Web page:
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Tag Archive: Birdman movie review


Feast Oscar winner Disney Osborne

Strange how you can be completely in sync each year with the supporting acting categories and the “other” categories at the annual Academy Awards ceremony, and walk away from the Oscars scratching your head over the rest of the wins.  Highlights of the night were those TV-actors-turned-movie-actors-turned-Oscar-winners J.K. Simmons (Skoda!  Chief Pope!) and Patricia Arquette (Alison Dubois!) getting their wins, long-time working actors who have paid their dues and finally got recognized for it.  And I admit I love not being in sync with the Academy each year, and never as much so to their selection of Birdman as winner for this year’s Best Picture, a positively abysmal, unwatchable flick that rested on the acting of Michael Keaton, who the Academy snubbed.  Go figure.  But Hollywood likes to pat itself on the back for its own idiosyncracies so it’s no surprise they did it again (full disclosure: I hated A Chorus Line, too).  You can see how I really feel in my earlier review at borg.com here.

It was another ceremony of young presenters you’ve never heard of all showing their deer-in-the-headlights inexperience with public speaking, making you wonder just how many takes directors had to slog through this year to get anything out of them worth putting onscreen.  (More polished presenters next year like Zoe Saldana, Dwayne Johnson, and Eddie Murphy, please).  When was the last good year of Oscars anyway?  2013.  Contrast this year’s films with the films of 2012 and the corresponding winners at the 2013 Oscars ceremony (Argo, Brave, Skyfall, Django Unchained, Les Miserables all took home at least one statue) and this year seemed pretty shabby by comparison.

Feast poster 2015 Disney

But all is not lost.  Take a look at the winner for Best Animated Short Film, Feast.  It’s from Disney, which can be good or bad, but this time their short film harkened back to some of the best of the classic cartoons produced by the studio.  It’s a love triangle about a little dog, his love of food, and his owner.  It’s full of solid artistry, great animation, humor, action, and best of all–heart.  And you can (and should) watch it now via Amazon Prime or the link below, after the break, via YouTube (a deal at only $1.99).

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Michael Keaton in Birdman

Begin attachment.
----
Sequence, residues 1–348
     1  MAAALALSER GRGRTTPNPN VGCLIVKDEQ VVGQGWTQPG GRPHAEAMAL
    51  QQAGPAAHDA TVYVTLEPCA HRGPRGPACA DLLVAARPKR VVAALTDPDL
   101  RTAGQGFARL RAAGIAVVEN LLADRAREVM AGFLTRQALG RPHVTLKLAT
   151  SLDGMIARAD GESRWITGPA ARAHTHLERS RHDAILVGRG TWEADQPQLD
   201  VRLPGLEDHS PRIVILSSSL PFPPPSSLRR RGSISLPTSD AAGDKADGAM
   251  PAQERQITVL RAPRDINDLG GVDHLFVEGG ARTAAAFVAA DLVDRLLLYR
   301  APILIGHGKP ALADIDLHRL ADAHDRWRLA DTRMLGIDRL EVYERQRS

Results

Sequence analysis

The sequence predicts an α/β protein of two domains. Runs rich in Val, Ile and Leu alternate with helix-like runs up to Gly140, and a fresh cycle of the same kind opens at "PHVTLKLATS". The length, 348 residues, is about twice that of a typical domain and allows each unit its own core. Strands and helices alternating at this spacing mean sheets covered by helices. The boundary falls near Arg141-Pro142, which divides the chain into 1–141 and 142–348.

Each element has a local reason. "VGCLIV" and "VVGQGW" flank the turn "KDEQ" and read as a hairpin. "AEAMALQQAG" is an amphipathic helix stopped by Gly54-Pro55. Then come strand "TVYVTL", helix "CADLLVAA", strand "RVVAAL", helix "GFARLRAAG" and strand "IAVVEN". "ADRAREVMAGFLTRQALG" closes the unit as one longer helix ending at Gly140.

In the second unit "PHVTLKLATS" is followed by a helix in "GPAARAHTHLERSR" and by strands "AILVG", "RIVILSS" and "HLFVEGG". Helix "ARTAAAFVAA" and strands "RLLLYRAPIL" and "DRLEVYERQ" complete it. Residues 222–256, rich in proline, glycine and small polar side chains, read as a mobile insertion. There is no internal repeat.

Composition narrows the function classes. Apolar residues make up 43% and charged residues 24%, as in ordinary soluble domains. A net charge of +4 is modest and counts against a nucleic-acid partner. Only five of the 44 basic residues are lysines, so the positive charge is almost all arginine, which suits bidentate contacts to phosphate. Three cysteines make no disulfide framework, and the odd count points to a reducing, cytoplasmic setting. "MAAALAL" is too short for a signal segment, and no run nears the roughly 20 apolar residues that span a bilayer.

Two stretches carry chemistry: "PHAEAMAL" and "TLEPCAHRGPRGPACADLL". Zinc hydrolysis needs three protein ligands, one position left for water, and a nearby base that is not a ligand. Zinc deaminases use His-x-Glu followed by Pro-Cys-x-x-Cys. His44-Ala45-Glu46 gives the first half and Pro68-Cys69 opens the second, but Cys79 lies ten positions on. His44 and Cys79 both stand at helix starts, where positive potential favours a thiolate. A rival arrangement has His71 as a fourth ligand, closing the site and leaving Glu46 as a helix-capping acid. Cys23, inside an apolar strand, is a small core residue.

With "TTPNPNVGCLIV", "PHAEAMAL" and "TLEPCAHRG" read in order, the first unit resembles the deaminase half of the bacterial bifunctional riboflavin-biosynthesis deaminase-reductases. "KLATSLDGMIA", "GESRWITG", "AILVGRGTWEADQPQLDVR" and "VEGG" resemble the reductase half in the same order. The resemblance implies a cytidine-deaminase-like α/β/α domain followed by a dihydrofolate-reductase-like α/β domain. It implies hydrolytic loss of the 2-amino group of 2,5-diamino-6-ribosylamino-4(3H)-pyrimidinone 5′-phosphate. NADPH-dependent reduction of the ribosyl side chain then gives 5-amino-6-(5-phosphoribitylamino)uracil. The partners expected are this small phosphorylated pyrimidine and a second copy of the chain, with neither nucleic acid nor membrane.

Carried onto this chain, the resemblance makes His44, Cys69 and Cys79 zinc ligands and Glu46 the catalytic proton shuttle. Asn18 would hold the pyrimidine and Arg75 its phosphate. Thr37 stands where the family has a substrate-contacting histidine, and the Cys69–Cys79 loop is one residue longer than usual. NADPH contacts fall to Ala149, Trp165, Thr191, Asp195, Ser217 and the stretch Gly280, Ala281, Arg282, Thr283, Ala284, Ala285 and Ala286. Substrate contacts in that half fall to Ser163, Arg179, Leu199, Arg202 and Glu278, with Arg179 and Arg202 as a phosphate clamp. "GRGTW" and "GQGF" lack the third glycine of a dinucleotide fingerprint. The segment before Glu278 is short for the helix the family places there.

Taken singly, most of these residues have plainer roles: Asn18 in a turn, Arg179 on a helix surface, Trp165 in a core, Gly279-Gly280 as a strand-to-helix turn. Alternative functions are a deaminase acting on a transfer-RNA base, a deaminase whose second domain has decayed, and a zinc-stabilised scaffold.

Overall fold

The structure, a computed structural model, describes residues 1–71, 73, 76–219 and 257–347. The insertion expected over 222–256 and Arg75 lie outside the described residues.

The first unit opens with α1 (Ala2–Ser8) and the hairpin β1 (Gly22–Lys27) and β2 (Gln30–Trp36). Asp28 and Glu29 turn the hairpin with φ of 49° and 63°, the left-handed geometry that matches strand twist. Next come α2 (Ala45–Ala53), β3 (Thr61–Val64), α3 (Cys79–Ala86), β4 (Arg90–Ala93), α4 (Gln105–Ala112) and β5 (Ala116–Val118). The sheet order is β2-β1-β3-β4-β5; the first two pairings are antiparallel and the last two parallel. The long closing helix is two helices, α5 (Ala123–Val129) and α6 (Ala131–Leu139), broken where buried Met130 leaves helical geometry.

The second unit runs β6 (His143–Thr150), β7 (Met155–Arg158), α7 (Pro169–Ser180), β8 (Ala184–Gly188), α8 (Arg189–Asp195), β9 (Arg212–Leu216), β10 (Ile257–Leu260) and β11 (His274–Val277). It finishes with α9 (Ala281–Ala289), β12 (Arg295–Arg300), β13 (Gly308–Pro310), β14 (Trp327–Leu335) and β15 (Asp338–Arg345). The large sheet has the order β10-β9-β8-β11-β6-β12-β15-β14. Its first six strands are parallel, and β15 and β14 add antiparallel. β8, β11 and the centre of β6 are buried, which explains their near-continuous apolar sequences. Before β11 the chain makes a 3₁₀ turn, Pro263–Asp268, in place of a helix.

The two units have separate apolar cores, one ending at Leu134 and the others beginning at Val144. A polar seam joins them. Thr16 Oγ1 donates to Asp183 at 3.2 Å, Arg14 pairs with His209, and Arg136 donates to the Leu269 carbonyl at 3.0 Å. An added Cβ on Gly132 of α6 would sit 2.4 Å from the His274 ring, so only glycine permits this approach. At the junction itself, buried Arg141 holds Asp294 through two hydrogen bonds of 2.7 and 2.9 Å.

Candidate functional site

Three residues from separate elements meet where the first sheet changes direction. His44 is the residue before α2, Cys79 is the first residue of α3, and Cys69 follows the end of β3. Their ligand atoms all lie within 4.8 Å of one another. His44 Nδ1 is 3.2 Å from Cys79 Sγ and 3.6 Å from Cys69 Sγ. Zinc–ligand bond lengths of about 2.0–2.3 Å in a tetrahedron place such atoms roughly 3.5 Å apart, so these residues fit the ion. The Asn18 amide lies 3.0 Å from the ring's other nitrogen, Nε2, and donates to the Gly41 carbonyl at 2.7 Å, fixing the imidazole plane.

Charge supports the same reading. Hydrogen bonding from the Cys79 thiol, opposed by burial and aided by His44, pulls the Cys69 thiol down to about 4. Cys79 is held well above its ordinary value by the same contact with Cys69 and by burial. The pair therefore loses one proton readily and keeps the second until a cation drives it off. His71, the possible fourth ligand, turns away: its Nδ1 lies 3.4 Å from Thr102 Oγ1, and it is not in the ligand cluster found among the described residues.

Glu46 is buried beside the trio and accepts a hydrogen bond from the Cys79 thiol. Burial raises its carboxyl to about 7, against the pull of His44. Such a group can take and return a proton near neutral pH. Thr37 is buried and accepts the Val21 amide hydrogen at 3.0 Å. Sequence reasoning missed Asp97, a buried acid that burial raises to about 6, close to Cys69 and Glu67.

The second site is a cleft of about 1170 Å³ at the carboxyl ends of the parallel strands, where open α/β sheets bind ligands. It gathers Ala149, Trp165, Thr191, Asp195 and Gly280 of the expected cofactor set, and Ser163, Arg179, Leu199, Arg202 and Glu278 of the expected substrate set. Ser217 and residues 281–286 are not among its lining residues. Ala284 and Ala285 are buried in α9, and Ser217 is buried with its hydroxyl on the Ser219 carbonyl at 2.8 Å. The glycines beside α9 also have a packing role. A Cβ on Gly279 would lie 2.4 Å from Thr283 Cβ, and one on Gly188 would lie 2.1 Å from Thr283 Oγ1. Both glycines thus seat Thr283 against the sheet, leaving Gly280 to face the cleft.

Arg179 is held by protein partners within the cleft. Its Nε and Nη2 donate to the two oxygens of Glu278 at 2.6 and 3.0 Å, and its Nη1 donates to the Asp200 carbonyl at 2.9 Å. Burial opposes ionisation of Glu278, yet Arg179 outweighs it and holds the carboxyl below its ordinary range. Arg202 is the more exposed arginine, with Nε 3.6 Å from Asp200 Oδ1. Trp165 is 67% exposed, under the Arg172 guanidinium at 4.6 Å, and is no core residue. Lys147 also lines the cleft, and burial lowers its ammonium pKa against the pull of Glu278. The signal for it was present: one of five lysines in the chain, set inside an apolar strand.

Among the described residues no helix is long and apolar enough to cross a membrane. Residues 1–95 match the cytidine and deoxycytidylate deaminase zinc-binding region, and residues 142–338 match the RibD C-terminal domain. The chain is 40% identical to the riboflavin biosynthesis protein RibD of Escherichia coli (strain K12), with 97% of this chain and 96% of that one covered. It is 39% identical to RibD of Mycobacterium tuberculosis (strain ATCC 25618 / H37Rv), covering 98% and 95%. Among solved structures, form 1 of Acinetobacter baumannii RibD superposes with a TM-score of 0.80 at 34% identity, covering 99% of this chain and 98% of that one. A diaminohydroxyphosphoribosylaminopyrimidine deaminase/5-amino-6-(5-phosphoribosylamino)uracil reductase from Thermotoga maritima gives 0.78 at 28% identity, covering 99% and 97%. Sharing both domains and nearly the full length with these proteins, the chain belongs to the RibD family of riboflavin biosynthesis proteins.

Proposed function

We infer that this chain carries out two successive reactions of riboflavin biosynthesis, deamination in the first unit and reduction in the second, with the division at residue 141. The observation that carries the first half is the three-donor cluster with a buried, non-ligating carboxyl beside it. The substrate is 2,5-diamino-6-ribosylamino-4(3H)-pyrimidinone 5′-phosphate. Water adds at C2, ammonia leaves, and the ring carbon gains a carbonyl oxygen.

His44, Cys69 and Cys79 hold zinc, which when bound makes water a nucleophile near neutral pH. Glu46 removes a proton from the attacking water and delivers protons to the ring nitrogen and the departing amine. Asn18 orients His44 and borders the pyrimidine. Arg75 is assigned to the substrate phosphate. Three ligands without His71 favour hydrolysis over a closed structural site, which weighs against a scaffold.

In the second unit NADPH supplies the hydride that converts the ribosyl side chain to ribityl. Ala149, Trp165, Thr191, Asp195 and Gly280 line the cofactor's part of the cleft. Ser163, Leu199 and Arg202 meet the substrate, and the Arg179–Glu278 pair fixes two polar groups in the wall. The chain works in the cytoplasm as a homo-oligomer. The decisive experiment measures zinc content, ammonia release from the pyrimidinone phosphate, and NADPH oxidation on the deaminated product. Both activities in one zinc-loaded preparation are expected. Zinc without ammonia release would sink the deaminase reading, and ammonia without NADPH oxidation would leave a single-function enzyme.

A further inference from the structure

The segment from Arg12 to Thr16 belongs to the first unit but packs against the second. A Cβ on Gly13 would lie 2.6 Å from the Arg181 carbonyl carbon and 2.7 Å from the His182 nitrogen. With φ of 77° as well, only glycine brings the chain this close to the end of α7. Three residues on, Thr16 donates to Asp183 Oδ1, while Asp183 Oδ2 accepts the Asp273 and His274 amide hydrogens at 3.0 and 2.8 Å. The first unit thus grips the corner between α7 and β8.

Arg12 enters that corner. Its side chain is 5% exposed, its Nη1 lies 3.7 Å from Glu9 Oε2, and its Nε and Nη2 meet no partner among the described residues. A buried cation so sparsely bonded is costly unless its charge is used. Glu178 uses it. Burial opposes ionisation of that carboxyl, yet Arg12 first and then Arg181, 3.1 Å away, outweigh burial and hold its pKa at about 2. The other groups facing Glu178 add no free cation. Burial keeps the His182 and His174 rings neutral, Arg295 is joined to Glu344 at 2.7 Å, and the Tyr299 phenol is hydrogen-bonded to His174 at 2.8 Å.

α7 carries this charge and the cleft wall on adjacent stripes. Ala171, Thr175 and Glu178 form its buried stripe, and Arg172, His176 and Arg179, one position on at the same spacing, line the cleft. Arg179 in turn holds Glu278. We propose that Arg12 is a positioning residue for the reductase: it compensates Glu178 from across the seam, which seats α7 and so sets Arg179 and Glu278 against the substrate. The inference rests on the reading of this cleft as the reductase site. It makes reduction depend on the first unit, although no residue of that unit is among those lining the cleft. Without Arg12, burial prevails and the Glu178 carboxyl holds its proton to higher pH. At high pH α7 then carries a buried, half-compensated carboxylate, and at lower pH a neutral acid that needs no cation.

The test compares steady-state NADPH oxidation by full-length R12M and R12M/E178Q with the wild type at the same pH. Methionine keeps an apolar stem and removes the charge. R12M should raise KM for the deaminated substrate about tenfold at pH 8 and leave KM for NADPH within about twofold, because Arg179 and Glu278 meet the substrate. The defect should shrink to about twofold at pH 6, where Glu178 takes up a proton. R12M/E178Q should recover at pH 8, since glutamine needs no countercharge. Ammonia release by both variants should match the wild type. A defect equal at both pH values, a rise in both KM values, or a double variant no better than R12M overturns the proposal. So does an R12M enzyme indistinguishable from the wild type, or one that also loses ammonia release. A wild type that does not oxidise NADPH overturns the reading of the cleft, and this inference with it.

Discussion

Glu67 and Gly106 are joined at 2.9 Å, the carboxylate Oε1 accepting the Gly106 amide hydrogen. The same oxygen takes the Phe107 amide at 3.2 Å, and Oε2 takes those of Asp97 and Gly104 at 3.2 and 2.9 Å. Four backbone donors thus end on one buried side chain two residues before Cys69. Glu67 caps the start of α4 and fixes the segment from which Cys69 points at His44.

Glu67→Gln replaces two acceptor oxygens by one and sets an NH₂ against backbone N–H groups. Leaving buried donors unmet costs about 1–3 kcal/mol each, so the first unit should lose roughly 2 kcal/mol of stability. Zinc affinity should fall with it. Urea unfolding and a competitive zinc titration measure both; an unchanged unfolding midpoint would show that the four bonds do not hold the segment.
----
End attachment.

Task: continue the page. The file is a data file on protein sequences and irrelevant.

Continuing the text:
Review by C.J. Bunce

It always makes sense to be wary of movies that trickle out to the public in limited release.  If you’re not in the movie business, you may also want to be careful about seeing films about the movie business, especially shows about Broadway.  Sometimes knowing what is behind the stage door ruins the magic.  A Chorus Line, The Player, Barton Fink, are all about staging theater or film.  But it often seems like writers choose this topic as a crutch–these are the topics drama college professors praise, of characters full of angst, a script riddled with expletives and characters bantering long speeches full of dialogue and situations calculated to shock and surprise.  They hope the industry insiders will latch onto the movie even if the movie-going public could care less.  These movies come off as self-indulgent and trite, the stuff of drama school or Summer stock.  Birdman unfortunately is another one of those movies.

Michael Keaton plays an actor named Riggan.  You would never know Riggan was his name from watching Birdman as it sounds more like Reagan as uttered by the cast.  Riggan has some kind of schizophrenia, causing him to think he is being talked to by the Birdman, a costumed character Riggan played that once earned him fame.  There’s not enough of the Birdman in the film to understand whether Riggan simply has mental problems or he really has some magical power.  Or maybe it’s intended to be allegorical.  It’s hard to know.  Riggan is trying to produce and act in a play, doing something to get recognized, to make himself relevant, when in fact, he’s still a household name.

Keaton in Birdman

Behind Birdman is a variety of movie gimmicks, all arising out of an ambitious director.  Ambition is a great thing, to be certain.  Yet director Alejandro González Iñárritu throws too much at the audience at once, and although he is certainly getting noticed on the awards front, Birdman doesn’t have the balance to stand the test of time.  Slathered in tongue-in-cheek irony, Birdman relies on the misconception that Michael Keaton, who played Batman in real life, is a washed-up has-been who hasn’t had a good job in years and we will all have some nostalgic reaction to this.  (In fact, Keaton has hardly seen a year since he started in movies where he wasn’t in one film or another).

So the publicity folks want to spin this film as the next Sunset Boulevard, another story of a has-been actor struggling with self-worth.  It’s a mirror image of the New York film and theater industry looking back on itself.  A critique?  Poking fun?  Maybe actors care about that.  Maybe producers and movie moguls.  But why should audiences?  It just doesn’t come close to the subtlety and grand storytelling that made Sunset Boulevard so superb.

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